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Meet the Co-chairs of the CHOP Postdoctoral Alliance

Published on
September 18, 2020
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The CHOP Postdoctoral Alliance is celebrating the completion of its first year.

Editor’s note: The CHOP Postdoctoral Alliance (CPA) is celebrating the completion of its first year. The goal of the CPA is to support the success of postdoctoral researchers (postdocs) here at CHOP. In this blog, we highlight the CPA co-chairs, Daniel Blumenthal, PhD, and Joseph Dybas, PhD. Cornerstone occasionally features the outstanding contributions of our postdocs and the initiatives they’re taking to improve science.

Daniel Blumenthal, PhD

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Daniel Blumenthal, PhD, studies the ways in which dendritic cells modulate their cortical stiffness.

Meet Daniel Blumenthal, PhD, a postdoc in the Department of Pathology and Laboratory Medicine. Dr. Blumenthal is from Israel, and growing up, he wanted to be an astronaut.

Q: What would you like the CPA to accomplish during its second year?

A: I wish for the CPA to leverage our year one accomplishments and grow into a strong and solid postdoc organization. I wish (and I'm certain) that the CPA will continue to contribute to the career advancement and well-being of postdocs at CHOP. I wish that many postdocs will be involved in some part of the CPA in the coming year and that this will promote our advancement as a community.

Q: What research project are you currently working on?

A: In my work, I study the ways in which dendritic cells (DCs) modulate their cortical stiffness, and how they use this biophysical property to modulate the immune response. Through an interdisciplinary approach, I have shown that the cortical stiffness of DCs serves as a mechanical co-stimulatory signal that works in concert with conventional co-stimulatory signals to augment T-cell activation.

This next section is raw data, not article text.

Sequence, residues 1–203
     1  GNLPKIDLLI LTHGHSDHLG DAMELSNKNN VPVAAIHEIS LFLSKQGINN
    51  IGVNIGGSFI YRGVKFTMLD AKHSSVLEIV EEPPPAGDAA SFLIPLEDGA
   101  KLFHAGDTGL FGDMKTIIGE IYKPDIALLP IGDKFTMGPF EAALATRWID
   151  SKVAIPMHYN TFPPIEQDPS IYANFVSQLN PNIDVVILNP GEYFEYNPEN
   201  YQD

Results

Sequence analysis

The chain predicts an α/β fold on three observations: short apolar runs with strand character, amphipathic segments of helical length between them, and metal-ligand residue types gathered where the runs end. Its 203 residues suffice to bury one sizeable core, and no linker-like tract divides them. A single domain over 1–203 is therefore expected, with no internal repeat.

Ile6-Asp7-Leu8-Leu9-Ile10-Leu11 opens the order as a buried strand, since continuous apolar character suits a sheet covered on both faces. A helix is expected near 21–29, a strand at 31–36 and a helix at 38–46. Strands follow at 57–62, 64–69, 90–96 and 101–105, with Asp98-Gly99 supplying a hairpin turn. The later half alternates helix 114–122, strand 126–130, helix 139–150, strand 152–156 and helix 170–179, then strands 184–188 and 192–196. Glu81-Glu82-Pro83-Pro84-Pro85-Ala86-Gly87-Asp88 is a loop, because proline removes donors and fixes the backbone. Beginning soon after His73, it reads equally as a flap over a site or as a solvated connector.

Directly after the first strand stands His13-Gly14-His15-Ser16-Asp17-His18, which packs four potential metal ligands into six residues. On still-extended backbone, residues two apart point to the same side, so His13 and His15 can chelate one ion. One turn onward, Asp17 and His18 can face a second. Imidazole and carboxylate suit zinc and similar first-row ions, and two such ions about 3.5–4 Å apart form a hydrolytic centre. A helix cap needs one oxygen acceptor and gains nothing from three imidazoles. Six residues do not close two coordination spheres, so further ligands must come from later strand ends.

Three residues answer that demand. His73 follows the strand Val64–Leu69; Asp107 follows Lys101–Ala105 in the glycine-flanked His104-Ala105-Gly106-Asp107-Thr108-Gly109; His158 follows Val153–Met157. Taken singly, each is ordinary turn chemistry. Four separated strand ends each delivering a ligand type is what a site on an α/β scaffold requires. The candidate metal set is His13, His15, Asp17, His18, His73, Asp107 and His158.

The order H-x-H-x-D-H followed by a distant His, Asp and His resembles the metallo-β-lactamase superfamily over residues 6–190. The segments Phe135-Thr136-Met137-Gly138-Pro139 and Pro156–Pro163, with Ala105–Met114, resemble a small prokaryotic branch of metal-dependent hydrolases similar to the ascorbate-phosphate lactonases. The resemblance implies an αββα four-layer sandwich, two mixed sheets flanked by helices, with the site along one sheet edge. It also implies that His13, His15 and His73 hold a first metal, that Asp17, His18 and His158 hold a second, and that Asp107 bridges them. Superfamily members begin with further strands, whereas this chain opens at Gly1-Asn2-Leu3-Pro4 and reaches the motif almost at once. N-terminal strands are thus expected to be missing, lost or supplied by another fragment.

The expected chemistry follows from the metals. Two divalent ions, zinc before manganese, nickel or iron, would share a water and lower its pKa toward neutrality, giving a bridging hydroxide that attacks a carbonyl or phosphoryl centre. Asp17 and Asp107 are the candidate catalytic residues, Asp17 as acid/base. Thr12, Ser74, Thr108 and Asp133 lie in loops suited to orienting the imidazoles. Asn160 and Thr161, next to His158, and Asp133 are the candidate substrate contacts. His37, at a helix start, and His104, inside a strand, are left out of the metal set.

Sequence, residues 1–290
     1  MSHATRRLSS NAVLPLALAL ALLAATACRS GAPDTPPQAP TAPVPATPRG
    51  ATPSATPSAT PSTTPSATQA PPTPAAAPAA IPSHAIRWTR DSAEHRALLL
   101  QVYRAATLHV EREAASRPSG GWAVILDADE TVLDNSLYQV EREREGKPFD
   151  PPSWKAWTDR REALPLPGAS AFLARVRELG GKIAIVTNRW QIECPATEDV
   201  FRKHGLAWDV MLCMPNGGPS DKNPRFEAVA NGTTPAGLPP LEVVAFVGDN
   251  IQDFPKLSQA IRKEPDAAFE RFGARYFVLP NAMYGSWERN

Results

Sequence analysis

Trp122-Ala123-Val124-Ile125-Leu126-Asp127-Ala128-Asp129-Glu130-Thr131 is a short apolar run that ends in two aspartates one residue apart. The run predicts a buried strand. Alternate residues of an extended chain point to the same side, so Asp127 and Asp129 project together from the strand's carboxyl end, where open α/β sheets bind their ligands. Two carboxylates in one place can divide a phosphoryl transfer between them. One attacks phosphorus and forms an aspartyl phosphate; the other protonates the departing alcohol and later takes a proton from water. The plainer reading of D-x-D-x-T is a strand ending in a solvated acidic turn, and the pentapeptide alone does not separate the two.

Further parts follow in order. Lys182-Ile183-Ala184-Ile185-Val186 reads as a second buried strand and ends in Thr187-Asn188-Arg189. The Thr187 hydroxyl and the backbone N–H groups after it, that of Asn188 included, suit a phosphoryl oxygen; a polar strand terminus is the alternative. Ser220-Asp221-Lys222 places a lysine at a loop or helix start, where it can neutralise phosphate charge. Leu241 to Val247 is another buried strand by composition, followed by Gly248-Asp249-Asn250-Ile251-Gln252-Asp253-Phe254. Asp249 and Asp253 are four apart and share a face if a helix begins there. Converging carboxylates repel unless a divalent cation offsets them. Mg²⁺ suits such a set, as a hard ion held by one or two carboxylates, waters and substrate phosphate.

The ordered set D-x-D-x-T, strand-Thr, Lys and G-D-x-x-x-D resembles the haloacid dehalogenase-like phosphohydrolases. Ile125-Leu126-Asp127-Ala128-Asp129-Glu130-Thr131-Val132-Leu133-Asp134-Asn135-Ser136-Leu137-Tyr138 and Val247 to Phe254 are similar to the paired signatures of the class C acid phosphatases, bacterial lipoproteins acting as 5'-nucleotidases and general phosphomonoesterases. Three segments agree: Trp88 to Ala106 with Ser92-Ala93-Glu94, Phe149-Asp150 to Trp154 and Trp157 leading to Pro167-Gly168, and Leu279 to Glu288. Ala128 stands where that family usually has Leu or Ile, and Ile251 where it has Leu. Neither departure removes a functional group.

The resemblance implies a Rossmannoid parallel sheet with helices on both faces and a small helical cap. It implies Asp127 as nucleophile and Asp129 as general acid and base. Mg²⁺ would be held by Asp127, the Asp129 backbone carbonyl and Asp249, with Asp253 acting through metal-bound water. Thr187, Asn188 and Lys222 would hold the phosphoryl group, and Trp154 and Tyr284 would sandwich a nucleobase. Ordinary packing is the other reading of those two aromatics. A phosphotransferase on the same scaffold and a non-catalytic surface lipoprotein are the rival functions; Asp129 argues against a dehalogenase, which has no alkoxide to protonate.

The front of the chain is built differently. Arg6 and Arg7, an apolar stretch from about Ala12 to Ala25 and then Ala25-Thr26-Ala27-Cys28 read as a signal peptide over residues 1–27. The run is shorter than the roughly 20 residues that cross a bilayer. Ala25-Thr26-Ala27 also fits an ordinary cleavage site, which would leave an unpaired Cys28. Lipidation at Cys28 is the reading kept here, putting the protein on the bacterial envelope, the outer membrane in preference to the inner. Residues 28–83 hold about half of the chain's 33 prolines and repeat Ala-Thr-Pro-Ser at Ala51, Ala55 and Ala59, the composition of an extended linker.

Q: What is your biggest accomplishment in life thus far?

A: Coming to the United States with a wife and two girls and starting a life here while pursuing a demanding academic career is not an easy feat, and I feel very proud of the way I approached it. Looking back at what I accomplished from the moment I came to CHOP, I feel that balancing between being an involved father, husband, and working to become an accomplished scientist, all while being away from my home and family support, is my biggest accomplishment.

Joseph Dybas, PhD

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Joseph Dybas, PhD, uses proteomics approaches to quantify how viruses redirect ubiquitination during infection.

Meet Joseph Dybas, PhD, who is a postdoc in the Departments of Pathology and Laboratory Medicine, and Biomedical and Health Informatics. Dr. Dybas is from upstate New York, and he wanted to be a rock star as he grew up.

Q: What would you like the CPA to accomplish during its second year?

A: I think the CPA has an opportunity and responsibility to make tangible initiatives to advance issues of diversity, inclusion, and support within CHOP and the wider academic community.

Q: What research project are you currently working on?

A: My current work involves using proteomics approaches to quantify how viruses redirect ubiquitination during infection. My overarching goal is to identify cellular targets of viral-mediated ubiquitination, to determine the functional outcome of ubiquitination of these proteins, and ultimately to define the impacts on cellular and viral processes.

Q: What is your biggest accomplishment in life thus far?

A: I believe that being a good father and husband is my most important job. So, when I succeed at that I consider it to be my biggest accomplishment.